Sri Lanka seems somewhat calmer for the moment, or so it appears after almost nine months of public protests and political unrest. A crisis of debt and subsequent financial, social, and political uncertainty engulfs the country. With depleted foreign reserves, the news of default on debt payment is not a surprise. Access to essential imports, including food items, medicine, and gas remains severely limited. Many citizens must wait hours for power and days for gas. These daily challenges, combined with drastic increases in inflation, severe shortages of essential items, and mobility restrictions are compelling even the most patient Sri Lankans to take a stand and make their voice heard through democratic means. They are using social media to organize and coordinate, a reminder of the Arab Spring style of mobilization. They are participating in polls. They have also protested in the streets, and while at it, sang songs, played music and danced, to celebrate a small victory or to inspire persistence in the face of a setback.
As I observed people’s protests in Sri Lanka, I read through Twitter threads and Facebook posts of Sri Lankans who wrote in English. A big shout out to each and every one of you: Thank you for educating us! The experience was, to say the least, humbling. I was taken aback by the patience, persistence, sense of purpose, and above all, sense of hope that defined the spirit of these public protests.
The most endearing however, was a profound sense of confidence that protestors radiated as a collective. They knew and demonstrated that informed public opinion is an important player in the Sri Lankan dynamics and that credibility in people’s eyes is the currency of the day. The participation of informed urban middle-high class households was a defining factor that distinguished these protests from the previous ones. And although there were instigations of violence by certain groups, the call for purposeful calm stood popular and strong.
But Sri Lanka is in for a long and rough ride. While changes in the political leadership may facilitate political stability, the country’s economic woes are far from over. And although the concept of reforms sounds like a breath of fresh air, especially if they are packaged together with promises of those posing as saviors, the actual process of carrying the burden of reforms is going to be long and arduous.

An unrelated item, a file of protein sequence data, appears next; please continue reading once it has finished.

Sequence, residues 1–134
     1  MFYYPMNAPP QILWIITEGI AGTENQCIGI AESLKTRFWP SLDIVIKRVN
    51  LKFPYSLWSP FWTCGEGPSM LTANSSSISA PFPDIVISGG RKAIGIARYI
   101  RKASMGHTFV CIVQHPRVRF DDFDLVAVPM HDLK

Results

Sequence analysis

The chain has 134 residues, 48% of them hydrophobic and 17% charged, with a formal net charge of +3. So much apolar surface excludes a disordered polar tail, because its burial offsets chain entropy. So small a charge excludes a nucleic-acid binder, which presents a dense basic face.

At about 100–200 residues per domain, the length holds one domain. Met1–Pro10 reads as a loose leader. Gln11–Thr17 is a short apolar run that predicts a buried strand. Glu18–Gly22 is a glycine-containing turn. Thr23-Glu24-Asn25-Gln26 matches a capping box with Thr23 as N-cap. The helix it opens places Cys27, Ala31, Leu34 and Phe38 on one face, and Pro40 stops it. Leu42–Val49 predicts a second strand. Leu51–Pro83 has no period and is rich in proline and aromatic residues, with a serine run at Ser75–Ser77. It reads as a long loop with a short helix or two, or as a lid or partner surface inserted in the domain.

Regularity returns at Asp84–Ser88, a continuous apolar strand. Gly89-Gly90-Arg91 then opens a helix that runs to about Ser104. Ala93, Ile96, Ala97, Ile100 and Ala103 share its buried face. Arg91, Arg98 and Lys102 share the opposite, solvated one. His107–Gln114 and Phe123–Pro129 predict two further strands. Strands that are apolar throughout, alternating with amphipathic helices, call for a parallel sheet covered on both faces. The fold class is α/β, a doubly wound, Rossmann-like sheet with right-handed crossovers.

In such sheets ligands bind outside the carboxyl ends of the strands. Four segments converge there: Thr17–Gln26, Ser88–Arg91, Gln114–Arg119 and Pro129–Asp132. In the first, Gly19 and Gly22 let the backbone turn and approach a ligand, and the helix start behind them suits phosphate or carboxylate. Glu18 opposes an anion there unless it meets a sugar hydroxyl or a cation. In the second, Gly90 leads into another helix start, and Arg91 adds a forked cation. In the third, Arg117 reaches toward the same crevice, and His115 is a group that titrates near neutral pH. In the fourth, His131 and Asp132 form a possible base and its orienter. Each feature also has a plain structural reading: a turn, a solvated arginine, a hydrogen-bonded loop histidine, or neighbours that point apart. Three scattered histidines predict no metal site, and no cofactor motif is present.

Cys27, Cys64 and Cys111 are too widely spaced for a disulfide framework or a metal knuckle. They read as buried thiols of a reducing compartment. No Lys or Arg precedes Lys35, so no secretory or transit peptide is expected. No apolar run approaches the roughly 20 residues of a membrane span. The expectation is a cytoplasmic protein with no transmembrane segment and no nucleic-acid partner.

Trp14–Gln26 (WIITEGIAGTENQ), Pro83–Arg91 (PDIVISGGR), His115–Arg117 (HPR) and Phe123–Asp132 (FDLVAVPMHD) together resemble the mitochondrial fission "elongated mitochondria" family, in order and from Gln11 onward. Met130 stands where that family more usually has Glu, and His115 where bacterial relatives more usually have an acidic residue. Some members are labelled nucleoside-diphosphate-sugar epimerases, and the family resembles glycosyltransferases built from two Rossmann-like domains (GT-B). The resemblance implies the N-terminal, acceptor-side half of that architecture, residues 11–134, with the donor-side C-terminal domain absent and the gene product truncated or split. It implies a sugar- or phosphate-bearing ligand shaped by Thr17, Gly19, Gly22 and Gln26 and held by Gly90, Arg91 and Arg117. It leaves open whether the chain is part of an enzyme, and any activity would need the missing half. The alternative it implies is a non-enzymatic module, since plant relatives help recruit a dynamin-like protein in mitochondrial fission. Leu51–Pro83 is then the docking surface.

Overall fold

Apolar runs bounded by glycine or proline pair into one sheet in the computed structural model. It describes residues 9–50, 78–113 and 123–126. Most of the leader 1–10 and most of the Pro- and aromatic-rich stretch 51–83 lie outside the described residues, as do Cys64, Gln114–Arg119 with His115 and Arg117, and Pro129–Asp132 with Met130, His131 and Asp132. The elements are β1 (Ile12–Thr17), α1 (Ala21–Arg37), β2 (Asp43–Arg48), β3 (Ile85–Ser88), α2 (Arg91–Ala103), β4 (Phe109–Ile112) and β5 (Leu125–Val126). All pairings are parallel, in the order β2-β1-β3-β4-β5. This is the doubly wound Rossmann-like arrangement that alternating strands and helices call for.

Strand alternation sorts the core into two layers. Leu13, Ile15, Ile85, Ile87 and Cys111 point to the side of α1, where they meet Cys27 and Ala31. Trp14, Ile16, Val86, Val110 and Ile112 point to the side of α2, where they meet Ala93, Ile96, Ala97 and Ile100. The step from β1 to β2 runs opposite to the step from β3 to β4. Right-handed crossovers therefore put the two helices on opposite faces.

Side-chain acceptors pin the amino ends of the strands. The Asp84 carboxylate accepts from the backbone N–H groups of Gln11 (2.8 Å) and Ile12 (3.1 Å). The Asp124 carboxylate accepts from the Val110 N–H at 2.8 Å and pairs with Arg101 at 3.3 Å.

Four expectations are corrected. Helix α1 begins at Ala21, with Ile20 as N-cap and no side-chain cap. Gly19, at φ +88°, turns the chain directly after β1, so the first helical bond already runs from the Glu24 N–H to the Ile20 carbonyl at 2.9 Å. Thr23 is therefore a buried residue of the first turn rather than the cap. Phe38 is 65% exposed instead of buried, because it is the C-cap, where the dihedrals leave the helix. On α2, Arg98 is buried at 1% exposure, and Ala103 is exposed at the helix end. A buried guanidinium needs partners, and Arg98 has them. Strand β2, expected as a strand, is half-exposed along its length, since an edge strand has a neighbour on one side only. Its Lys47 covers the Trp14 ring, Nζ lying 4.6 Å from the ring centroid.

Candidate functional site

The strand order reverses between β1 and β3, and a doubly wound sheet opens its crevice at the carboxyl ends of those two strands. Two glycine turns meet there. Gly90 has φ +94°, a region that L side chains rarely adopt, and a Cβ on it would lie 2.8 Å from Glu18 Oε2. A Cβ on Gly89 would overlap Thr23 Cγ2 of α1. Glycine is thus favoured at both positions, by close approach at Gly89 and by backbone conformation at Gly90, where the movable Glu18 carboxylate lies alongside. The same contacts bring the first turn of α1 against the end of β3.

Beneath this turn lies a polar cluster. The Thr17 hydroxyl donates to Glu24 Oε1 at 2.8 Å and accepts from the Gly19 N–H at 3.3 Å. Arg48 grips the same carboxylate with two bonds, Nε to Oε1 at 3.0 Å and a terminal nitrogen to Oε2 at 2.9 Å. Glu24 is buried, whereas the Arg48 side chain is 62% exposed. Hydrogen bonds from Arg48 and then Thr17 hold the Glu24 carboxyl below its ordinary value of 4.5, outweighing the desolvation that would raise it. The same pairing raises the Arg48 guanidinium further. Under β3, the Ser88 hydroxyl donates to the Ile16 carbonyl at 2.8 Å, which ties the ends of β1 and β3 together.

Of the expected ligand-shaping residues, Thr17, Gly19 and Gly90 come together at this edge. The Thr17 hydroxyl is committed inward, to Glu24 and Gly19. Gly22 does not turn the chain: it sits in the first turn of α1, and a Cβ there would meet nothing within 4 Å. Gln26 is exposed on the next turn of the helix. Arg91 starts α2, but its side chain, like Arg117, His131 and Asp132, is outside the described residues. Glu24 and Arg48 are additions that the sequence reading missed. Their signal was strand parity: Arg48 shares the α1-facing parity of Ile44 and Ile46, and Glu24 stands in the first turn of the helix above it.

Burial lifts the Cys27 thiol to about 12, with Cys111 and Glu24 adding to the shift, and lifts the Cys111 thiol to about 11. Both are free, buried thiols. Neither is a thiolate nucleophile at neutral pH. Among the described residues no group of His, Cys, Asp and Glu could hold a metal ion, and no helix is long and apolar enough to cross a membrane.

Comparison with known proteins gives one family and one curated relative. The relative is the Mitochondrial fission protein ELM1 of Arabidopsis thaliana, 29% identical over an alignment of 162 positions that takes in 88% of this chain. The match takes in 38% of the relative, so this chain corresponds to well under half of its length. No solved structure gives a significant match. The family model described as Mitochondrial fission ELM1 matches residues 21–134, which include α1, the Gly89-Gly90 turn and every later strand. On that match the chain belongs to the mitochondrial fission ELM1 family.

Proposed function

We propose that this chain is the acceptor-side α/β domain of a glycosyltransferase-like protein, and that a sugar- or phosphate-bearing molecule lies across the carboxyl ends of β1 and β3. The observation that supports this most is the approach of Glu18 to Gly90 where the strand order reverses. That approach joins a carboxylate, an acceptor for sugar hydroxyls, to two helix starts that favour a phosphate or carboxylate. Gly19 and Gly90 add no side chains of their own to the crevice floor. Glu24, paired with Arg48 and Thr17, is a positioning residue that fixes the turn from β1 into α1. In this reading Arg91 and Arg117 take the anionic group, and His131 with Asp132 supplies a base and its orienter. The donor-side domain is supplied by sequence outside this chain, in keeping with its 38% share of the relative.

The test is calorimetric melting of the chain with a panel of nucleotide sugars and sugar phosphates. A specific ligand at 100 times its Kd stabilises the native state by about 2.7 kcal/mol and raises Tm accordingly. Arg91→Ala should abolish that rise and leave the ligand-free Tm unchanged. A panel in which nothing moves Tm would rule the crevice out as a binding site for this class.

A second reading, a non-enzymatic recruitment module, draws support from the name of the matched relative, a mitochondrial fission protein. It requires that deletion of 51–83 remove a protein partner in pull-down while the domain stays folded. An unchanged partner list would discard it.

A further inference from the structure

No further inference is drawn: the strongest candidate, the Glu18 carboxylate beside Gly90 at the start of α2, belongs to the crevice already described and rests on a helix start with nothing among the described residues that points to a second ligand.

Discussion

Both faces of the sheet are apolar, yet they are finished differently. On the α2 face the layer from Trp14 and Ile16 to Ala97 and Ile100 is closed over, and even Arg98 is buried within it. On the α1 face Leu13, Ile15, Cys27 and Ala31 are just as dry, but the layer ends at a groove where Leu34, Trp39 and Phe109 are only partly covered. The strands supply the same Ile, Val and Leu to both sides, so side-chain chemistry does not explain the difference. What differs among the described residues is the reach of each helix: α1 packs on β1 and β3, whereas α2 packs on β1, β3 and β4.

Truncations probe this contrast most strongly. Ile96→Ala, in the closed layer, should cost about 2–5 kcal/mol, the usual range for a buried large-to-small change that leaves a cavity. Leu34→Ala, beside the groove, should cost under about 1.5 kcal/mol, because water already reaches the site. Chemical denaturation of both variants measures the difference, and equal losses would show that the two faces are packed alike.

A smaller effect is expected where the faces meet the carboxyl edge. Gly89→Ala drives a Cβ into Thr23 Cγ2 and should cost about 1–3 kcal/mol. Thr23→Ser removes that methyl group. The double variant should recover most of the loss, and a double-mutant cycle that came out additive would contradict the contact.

On the path to a possible rebirth, at least as far as the management of public finances is concerned, Sri Lanka will need all the support it can get in the weeks and months to come. Looking at the enabling role that access to information on public finance has played in building awareness, it will be absolutely critical to, not only sustain this access, but to further enhance and enrich it.
As Sri Lanka steps on the path to reform, people’s level of access to accurate and reliable information on the process will determine their level of support and commitment to reform. Their access to processes of decision making and ability to monitor the pace of results of those decisions will help them act as informed and active participants, as opposed to passive consumers of decisions made about their lives. This access will also enable them to distinguish between evidence-based decision-making versus wishful thinking or disinformation. Disastrous economic policies and mismanagement of public finances put Sri Lanka in this crisis. Evidence-based economic policies and transparent public financial management will be central to helping the country overcome the crisis.
In Sri Lanka, the path to reform goes through public engagement. The path to gaining people’s trust goes through credible and fact-based decision-making approaches and practices. And the prerequisite for that is a strong commitment to facilitating and ensuring easy access to credible information, raising awareness, and building capacity and resilience by gathering, organizing, and presenting information on public finance and overall governance in easy-to-understand language and format. To the Sri Lanka that is preparing to stand on its own feet again, this support will be central.
CIPE Senior Program Officer Aarya Nijat manages a portfolio of projects in South Asia with a thematic focus on democratic governance, enterprise ecosystems, anti-corruption, and business advocacy. Most are implemented through partnering with local private sector and civil society organizations. Read her full bio here.